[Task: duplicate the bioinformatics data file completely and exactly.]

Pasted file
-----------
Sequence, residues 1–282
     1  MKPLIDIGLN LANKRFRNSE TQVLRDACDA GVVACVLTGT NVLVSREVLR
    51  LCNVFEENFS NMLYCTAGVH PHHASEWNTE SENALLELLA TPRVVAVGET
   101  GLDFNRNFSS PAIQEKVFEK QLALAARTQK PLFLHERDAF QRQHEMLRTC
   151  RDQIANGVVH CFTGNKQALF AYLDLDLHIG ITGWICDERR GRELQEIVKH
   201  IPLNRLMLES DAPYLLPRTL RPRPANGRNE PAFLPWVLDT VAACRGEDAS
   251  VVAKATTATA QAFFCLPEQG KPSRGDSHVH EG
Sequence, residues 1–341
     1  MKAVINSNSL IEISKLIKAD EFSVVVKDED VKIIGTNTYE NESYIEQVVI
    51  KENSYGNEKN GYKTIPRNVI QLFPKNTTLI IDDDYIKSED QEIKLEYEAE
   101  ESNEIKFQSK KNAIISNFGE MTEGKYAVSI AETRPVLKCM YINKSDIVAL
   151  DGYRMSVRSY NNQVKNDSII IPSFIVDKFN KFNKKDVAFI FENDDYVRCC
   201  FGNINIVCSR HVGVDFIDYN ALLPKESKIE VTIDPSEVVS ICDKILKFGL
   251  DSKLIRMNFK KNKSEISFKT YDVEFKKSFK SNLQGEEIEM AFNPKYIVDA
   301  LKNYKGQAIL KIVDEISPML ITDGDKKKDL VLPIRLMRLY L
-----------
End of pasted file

Sequence, residues 1–282
     1  MKPLIDIGLN LANKRFRNSE TQVLRDACDA GVVACVLTGT NVLVSREVLR
    51  LCNVFEENFS NMLYCTAGVH PHHASEWNTE SENALLELLA TPRVVAVGET
   101  GLDFNRNFSS PAIQEKVFEK QLALAARTQK PLFLHERDAF QRQHEMLRTC
   151  RDQIANGVVH CFTGNKQALF AYLDLDLHIG ITGWICDERR GRELQEIVKH
   201  IPLNRLMLES DAPYLLPRTL RPRPANGRNE PAFLPWVLDT VAACRGEDAS
   251  VVAKATTATA QAFFCLPEQG KPSRGDSHVH EG
Sequence, residues 1–341
     1  MKAVINSNSL IEISKLIKAD EFSVVVKDED VKIIGTNTYE NESYIEQVVI
    51  KENSYGNEKN GYKTIPRNVI QLFPKNTTLI IDDDYIKSED QEIKLEYEAE
   101  ESNEIKFQSK KNAIISNFGE MTEGKYAVSI AETRPVLKCM YINKSDIVAL
   151  DGYRMSVRSY NNQVKNDSII IPSFIVDKFN KFNKKDVAFI FENDDYVRCC
   201  FGNINIVCSR HVGVDFIDYN ALLPKESKIE VTIDPSEVVS ICDKILKFGL
   251  DSKLIRMNFK KNKSEISFKT YDVEFKKSFK SNLQGEEIEM AFNPKYIVDA
   301  LKNYKGQAIL KIVDEISPML ITDGDKKKDL VLPIRLMRLY L